April 28, 2014 – Wageningen University in the Netherlands has undertaken a pilot project to test the viability of Martian soil for growing plants. It has done this on behalf of the Mars One Project, aimed at putting four colonists on the Red Planet by 2024, a decade away.
For soil, NASA has provided the medium made from earth collected in Hawaii on the edge of volcanoes. The plants so far have thrived because we know the Hawaiian and Martian soils are similar containing phosphorus, iron and nitrogen. The experiment involved 14 different plant species over 50 days. The plants germinated and grew. Some even blossomed. So we know the soil is a suitable medium.
But it is what the pilot project cannot tell us that concerns anyone who would consider hopping on a one-way voyage to Mars. Here is a list of Mars challenges that any agricultural enterprise will have to address:
- Mars is a low-gravity environment compared to Earth. We don’t know what impact that may have on plant development.The experiment at Wageningen doesn’t address this.
- The Mars surface is not shielded from cosmic rays like Earth. What will cosmic rays do to plant development? Wageningen doesn’t address this either.
- The thin atmosphere of Mars although almost all CO2 and one would think, therefore, plant friendly, is not dense enough to retain much heat, resembling more Antarctica than any other place on Earth. We know not much of anything can grow there unless contained with artificial lighting.
- Water is not free flowing on Mars today although billions of years ago it was. Any water exposed to the surface has little chance of remaining in that state for very long. In addition the low gravity changes the nature of the way water flows.
- Solar energy reaching the surface of Mars is a fraction of that which plants get here on Earth. So did Waginingen test plant species more suitable for lower lighting environments and if so were any of these crop-bearing?
- The Martian atmosphere is tenuous, equivalent to that found here on Earth at elevations of 30,000 meters (approximately 100,000 feet). Atmospheric pressure at that height is 1,034 pascales (0.15 pounds per square inch.) Nothing here on Earth lives in atmospheric conditions like this.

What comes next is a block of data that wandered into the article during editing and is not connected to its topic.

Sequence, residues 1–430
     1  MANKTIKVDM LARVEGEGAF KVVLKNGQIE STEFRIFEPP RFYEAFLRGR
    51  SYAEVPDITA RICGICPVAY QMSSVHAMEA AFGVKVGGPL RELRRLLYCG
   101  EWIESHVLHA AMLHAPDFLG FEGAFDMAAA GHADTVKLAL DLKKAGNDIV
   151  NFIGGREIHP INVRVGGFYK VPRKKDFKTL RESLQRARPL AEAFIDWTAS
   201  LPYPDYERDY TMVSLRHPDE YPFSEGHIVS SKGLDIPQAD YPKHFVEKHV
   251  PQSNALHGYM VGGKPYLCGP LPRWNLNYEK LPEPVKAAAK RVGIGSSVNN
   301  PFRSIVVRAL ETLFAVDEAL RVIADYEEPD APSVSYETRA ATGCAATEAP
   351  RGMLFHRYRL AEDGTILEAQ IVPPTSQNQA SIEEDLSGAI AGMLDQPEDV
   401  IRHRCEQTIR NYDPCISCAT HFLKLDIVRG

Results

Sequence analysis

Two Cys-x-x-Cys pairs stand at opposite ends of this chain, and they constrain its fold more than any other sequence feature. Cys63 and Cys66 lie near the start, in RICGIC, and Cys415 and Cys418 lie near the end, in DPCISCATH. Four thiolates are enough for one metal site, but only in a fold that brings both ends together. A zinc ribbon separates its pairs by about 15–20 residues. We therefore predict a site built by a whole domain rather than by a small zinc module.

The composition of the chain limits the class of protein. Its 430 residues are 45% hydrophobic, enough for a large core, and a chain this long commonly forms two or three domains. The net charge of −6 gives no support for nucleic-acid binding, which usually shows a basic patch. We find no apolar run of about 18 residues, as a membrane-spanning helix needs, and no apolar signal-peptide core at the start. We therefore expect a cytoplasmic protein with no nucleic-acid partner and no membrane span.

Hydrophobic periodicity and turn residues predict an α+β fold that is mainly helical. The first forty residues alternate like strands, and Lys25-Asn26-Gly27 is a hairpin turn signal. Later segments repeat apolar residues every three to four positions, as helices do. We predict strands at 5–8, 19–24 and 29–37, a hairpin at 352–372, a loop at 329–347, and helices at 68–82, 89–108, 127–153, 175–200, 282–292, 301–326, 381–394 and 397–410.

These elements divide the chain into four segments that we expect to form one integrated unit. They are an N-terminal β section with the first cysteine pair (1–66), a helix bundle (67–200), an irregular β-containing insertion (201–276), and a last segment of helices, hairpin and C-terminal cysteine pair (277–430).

- There are no natural pollinators that we can easily bring to Mars to ensure that plants can propagate. Without bees and other insects how would plants reproduce?
So how do we overcome these challenges?
- On the International Space Station (ISS) there are experiments growing plants in micro-gravity conditions. So far the results are acceptable. And in this latest Dragon capsule delivery a vegetable garden has been added to the ISS. If it proves successful we then know that micro-gravity is no impediment. So does that mean the low gravity environment in Mars may not be as serious an issue of concern? Probably.
- The cosmic rays exposure, however, is and the way to deal with it is through growing plants in sufficiently shielded containment buildings on the surface or under the surface of the planet.
- To combat the thin atmosphere plants grown on Mars will be contained in pressurized closed-system environments like the experimental prototype lunar greenhouse, built by University of Arizona, seen in the image below.
- Closed-system environments also helps solve the water management issue on Mars. Finding local water remains a bit of an unknown although there is strong evidence of potential subsurface water in the form of permafrost, as well as water ice at the Martian poles. Harvesting Martian water for humans and plants is critical. Getting the water to where it’s needed will require the outfitting of any Martain grow-op with pumps and irrigation tubes. These systems will require a steady power supply.
- To combat reduced solar energy any Martian greenhouse will supplement sunlight with grow lights designed to deliver the right lighting spectrum to optimize plant growth.
- Closed-system environments will also combat the minimal Martian atmosphere as well as the variable temperatures the planet surface experiences.
- And finally, if we cannot bring insects to Mars to help us pollinate plants then we need to emulate them. This can be accomplished through microbots and nanobots that mimic what insects do with no down side. None will eat the crops.
It is clear that the life support systems needed on Mars will not only support a breathable environment for the colonists but also that for the plants as well. Today, however, we are more than a decade away from achieving such workable closed-system environments to test in near-Earth space, let alone on the Moon or Mars.
Our experiences here on Earth in places like Biosphere 2 have shown us just how challenging it is to build an ecologically-balanced bio-regenerative system. Biosphere 2 failed here on Earth but at least when it went wrong those inside were able to open a door and leave. That opportunity will not be one to which Mars One colonists can avail themselves. And consider that the ambitious departure date for the first Mars One colonists is tentatively set for 2024 with arrival on the planet early in 2025, even the researchers at Wageningen admit a decade may not be enough time to perfect reliable life support systems that can grow food to sustain human settlement.